Whenever the President finds that the entry of any aliens or of any class of aliens into the United States would be detrimental to the interests of the United States, he may by proclamation, and for such period as he shall deem necessary, suspend the entry of all aliens or any class of aliens as immigrants or nonimmigrants, or impose on the entry of aliens any restrictions he may deem to be appropriate.

Chief Justice Roberts analyzes the Proclamation’s contents and writes in the opinion that President Trump met all the requirements as set forth. He cites the contents of the Proclamation, including the thorough review of the countries, the focus on exchange of information between countries, and also the review period that has allowed for countries to be removed from the list once they were deemed compliant. The Court cites examples of previous administrations that also issued Proclamations to suspend entry into the United States for certain individuals.

The plaintiffs also argued that Section 1182(f) does not give the president the authority to surpass congressional policies that have been laid out, specifically the vetting system designed by Congress to determine admissibility, and also the information sharing system created through the Visa Waiver Program. The Court addresses both issues and notes that the vetting system is only enhanced by the Proclamation and that the focus of the Proclamation is on the foreign country’s ability to provide the information needed. Second, the Visa Waiver Program is in place for countries that have already fulfilled the information exchange process, and that it does not necessarily apply here. For this sub-argument, the Court’s opinion is that the Proclamation only supplements the efforts of Congress.  In addition, the Court cites to historical practice of instances where Proclamations have been issued to limit the entry of certain groups of people.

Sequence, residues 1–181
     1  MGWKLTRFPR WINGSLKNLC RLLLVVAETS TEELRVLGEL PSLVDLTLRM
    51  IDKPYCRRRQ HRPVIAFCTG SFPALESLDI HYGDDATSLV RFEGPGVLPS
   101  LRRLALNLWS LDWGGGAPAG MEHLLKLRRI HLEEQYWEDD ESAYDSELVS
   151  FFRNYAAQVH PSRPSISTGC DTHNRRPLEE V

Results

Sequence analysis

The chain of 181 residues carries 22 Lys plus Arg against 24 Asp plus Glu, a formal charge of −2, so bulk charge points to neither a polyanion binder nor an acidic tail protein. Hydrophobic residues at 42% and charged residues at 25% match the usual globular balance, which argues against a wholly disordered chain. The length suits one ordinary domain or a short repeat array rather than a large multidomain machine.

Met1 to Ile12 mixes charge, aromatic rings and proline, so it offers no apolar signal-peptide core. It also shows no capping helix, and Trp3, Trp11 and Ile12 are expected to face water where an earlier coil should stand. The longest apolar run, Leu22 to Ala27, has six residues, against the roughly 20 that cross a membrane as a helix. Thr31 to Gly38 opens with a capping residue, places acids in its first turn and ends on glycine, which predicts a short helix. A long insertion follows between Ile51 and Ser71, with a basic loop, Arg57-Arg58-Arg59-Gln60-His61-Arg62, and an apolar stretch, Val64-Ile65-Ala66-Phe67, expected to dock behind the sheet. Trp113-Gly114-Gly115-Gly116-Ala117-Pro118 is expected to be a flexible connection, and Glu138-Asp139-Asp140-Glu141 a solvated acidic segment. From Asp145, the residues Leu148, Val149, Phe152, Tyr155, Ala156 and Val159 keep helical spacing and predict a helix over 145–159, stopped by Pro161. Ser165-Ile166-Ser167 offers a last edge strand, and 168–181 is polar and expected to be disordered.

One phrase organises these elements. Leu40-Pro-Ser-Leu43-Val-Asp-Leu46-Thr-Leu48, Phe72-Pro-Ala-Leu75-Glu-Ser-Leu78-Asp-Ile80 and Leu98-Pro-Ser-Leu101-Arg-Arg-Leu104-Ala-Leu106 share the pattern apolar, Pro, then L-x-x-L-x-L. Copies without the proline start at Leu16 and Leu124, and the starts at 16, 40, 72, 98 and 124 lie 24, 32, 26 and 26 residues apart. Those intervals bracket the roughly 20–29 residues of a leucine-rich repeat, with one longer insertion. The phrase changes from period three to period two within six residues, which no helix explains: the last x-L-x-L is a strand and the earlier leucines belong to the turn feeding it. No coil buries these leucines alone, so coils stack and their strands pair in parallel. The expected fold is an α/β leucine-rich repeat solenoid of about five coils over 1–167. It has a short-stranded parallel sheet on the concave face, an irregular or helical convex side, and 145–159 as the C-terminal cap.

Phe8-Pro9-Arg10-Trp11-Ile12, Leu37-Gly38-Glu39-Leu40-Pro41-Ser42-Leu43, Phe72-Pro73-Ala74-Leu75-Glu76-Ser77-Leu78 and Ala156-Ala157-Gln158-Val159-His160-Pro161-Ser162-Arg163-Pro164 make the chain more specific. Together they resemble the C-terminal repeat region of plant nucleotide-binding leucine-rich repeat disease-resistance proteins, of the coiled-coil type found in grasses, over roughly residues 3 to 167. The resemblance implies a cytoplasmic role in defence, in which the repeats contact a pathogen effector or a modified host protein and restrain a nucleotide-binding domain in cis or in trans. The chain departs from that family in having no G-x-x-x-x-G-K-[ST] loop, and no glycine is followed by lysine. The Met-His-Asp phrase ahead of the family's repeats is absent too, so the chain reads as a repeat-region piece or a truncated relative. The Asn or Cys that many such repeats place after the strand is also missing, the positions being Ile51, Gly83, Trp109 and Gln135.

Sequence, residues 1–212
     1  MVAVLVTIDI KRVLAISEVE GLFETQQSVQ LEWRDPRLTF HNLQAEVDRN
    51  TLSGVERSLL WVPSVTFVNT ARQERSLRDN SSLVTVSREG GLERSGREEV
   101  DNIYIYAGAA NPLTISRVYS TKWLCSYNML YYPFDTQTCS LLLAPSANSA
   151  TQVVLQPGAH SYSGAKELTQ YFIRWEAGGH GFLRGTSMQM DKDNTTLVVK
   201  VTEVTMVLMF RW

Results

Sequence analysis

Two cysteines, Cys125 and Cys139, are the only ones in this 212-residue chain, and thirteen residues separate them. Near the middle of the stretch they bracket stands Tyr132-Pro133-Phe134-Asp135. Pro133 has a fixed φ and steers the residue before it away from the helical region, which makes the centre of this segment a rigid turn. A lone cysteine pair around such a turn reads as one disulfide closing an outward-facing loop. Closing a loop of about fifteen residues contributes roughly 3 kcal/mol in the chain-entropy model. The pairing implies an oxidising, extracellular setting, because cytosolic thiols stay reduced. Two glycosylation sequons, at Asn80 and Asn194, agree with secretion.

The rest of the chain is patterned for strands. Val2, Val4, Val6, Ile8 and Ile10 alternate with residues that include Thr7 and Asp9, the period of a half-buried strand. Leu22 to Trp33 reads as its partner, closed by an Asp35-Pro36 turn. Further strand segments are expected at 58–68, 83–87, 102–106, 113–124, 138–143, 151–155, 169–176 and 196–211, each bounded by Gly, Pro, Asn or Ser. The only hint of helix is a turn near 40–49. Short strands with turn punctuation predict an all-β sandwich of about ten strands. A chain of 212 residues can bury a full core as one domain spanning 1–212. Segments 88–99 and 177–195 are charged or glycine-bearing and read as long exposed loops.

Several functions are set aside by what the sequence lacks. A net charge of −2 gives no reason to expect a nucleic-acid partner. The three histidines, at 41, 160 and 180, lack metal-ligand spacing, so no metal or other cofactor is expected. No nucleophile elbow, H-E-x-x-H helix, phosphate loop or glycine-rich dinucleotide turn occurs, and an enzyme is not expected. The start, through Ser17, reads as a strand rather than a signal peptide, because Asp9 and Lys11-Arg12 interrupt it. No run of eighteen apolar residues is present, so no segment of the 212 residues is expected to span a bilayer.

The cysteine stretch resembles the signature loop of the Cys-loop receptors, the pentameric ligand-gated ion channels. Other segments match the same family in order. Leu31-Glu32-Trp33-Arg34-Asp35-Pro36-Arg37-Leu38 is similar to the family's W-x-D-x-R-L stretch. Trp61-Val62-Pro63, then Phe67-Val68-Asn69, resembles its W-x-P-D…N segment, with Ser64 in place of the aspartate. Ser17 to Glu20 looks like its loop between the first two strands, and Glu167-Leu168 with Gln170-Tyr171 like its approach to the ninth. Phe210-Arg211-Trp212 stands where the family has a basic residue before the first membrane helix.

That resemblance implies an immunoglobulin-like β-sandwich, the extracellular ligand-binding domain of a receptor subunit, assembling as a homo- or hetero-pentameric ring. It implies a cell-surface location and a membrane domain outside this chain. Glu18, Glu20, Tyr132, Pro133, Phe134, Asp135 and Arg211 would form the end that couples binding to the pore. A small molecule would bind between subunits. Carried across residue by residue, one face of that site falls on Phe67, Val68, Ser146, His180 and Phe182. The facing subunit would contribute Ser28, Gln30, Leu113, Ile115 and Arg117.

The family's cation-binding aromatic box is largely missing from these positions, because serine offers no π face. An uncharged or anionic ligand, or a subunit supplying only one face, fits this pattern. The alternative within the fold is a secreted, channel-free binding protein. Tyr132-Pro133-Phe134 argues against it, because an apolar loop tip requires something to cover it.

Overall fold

Thus, the holding on the first issue is that the Proclamation is squarely within the scope of President Trump’s authority under the INA.

Second Issue: Does the Proclamation violate the Establishment Clause of the First Amendment?